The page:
A record delegation headed to Darwin last week for a shot of inspiration and the inside story on the industry’s outlook. So, what keeps Australia’s property leaders up at night?
The men and women leading Australia’s largest property companies sleep well, it seems.
Despite some challenges ahead – from political uncertainty to a potential credit crunch –the stellar line up of speakers was upbeat about the industry’s fundamentals.
The end of two cycles – cap-rate compression and credit – had been a “long time coming”, argued Susan Lloyd-Hurwitz, the Property Council’s national president, CEO and managing director of Mirvac.
We are heading towards the “end of the cap rate compression cycle and income is going to be much more important, but the solid foundations of income are all in place,” she said.
Stockland’s managing director Mark Steinert was waiting to see “how hard and how long” the credit crunch would be, and how the Royal Commission would affect credit availability.
Investors were finding it harder to raise capital “and that's obviously translating in the housing sector to variable degrees,” Steinert said. It was also having a “ripple effect” on consumer confidence. But Steinert thought any slowdown would be “moderate in nature”, pointing to steady interest rates and low levels of unemployment.
Anastasia Clarke, The GPT Group’s chief financial officer said the combination of tightening credit and potential changes of government could be “very destabilising” – particularly if a new federal government changed capital gains tax benefits or eliminated negative gearing.
Adrian Pozzo, Cbus Property’s chief executive officer, was also worried about confidence, which he said translated into “a headache” for the property industry.
Grant Kelley, Vicinity Centres’ CEO and managing director agreed that negative gearing and immigration were market influencers. But he said the big issue that kept him awake at night was infrastructure.
“I think it's really hard to get around Australian cities these days,” he said, adding he was surprised to discover this after many years living overseas. The “trick” for government was to address the current “disconnect” and “synchronise the federal policy of immigration with the state policy around infrastructure”.
Clarke was looking to government to accelerate infrastructure investment and referred to the earlier keynote presentation from the Hon Sir John Key, who had said “Australia should absolutely be pro-migration”. To “win the argument about migration, you’ve got to be able to deliver the infrastructure and the property people need,” Key said.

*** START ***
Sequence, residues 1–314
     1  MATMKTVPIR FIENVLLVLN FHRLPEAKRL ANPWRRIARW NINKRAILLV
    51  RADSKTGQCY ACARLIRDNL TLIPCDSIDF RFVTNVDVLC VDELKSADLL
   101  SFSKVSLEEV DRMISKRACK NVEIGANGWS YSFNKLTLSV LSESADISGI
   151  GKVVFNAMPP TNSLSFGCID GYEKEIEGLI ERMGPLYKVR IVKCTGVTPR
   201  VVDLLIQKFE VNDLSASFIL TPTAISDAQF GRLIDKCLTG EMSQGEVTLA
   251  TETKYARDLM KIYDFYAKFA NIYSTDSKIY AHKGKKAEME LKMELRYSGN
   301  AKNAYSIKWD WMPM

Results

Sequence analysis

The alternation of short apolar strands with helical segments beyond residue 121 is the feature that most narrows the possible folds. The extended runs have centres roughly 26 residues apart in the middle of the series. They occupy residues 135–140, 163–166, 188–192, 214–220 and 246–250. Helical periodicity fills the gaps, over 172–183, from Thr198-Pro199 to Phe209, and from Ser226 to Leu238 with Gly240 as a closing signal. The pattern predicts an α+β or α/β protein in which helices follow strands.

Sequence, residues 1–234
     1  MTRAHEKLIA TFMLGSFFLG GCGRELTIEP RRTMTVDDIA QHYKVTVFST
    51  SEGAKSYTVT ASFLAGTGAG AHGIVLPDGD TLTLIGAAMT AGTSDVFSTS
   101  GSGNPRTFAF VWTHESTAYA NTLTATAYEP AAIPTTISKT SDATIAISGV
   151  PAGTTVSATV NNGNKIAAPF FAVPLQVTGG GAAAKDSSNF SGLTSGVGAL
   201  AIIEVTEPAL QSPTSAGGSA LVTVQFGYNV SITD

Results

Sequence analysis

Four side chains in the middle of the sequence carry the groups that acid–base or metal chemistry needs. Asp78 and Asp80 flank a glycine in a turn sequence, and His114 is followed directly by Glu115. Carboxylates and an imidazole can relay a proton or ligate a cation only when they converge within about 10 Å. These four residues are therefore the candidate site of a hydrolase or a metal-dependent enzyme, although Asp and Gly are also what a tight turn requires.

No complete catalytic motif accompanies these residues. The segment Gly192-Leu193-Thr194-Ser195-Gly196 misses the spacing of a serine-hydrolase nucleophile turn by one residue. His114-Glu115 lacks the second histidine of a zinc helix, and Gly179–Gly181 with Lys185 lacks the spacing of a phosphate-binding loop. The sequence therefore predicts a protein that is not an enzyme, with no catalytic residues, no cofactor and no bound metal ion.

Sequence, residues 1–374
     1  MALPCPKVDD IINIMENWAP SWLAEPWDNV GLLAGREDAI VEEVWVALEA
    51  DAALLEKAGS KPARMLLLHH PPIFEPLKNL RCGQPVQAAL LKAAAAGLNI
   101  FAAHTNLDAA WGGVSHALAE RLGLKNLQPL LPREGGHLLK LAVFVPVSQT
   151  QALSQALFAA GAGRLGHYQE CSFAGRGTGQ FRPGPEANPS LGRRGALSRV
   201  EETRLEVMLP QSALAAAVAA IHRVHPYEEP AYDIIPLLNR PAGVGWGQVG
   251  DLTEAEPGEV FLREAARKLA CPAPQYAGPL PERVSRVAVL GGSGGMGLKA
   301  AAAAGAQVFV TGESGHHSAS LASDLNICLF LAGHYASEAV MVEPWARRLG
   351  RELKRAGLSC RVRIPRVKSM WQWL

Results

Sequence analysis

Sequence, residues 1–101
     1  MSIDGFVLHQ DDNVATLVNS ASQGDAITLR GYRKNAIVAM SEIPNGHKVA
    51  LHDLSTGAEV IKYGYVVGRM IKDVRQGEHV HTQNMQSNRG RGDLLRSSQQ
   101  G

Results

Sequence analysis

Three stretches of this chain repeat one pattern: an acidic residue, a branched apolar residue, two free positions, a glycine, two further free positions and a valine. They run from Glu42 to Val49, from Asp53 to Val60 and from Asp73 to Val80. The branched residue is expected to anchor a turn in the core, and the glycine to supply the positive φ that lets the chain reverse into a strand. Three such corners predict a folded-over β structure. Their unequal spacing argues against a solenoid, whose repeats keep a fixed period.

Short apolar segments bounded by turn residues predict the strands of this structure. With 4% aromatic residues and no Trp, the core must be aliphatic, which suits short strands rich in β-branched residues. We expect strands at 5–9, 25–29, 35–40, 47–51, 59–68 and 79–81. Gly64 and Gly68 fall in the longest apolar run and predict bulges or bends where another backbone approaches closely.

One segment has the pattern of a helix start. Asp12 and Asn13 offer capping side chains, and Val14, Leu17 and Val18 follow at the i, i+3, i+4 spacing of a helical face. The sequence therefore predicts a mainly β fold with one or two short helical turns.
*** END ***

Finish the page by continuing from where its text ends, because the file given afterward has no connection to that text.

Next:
“Uncertainty of big investment decisions will absolutely halt because of not knowing whether the infrastructure will go ahead or not,” Clarke added.
Pozzo lamented the planning process in Australia’s capital cities. “When you're paying a lot of money for land, you can't have a two- or three-year gap in between processes,” Pozzo said. This was undoubtedly influencing housing affordability.
A lack of certainty – around planning and politics – were at the forefront of the industry leaders’ minds. And with federal and two state elections looming, conditions were not “ideal”, the panel agreed. Is there anything businesses can do to plan for uncertainty?
“Just make sure your business is as resilient as possible,” Lloyd-Hurwitz advised, so that it can withstand shocks, “whether it’s a credit crunch or unemployment starts to rise or it’s elections cycles”.
The industry’s leaders agreed that the banking Royal Commission had lessons for the property industry. Lloyd Hurwitz said Mirvac had “lined ourselves up against every single recommendation” made in relation to the Commonwealth Bank “to ask ourselves the question: are we doing anything, inadvertently perhaps, with no ill intent?”. She said the process had helped improve customer service.
Steinert said he also looked at all negative customer feedback and was fostering a culture where “customer complaints as an opportunity to create a better customer service”.
A shift was underway in the relationship between developers and the community, and in how we manage the growth our cities, the panel agreed. Lloyd-Hurwitz pointed to the “enormous amount of protest” against Mirvac’s Harold Park development in Sydney. “The head of the protest group now lives at Harold Park.” The negative community sentiment was based on fear, she added.
How do you overcome that fear?
Do things well, the panel agreed. And demonstrate that our industry doesn’t take away space – we create space.